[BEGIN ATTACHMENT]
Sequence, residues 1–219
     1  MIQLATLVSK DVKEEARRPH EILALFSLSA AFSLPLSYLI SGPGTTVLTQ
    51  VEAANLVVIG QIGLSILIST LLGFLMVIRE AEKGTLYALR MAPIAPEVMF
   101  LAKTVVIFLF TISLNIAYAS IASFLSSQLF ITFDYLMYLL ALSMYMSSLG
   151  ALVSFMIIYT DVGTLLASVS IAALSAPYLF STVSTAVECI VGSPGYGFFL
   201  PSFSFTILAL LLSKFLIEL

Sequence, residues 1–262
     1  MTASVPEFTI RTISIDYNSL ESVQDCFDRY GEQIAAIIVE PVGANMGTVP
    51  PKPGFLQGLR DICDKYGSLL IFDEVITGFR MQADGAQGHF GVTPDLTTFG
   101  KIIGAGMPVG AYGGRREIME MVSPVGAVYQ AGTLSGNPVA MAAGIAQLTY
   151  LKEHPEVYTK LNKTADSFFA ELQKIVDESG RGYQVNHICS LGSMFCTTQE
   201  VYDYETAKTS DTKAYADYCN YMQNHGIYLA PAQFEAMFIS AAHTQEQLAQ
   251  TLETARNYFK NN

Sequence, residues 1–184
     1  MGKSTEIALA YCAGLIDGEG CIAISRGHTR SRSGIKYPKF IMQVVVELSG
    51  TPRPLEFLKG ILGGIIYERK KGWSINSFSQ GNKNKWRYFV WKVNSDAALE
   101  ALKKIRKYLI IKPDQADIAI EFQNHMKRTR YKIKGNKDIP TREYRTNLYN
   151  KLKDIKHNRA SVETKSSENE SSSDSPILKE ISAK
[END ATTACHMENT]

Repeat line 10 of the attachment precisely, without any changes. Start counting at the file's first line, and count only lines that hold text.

   101  KIIGAGMPVG AYGGRREIME MVSPVGAVYQ AGTLSGNPVA MAAGIAQLTY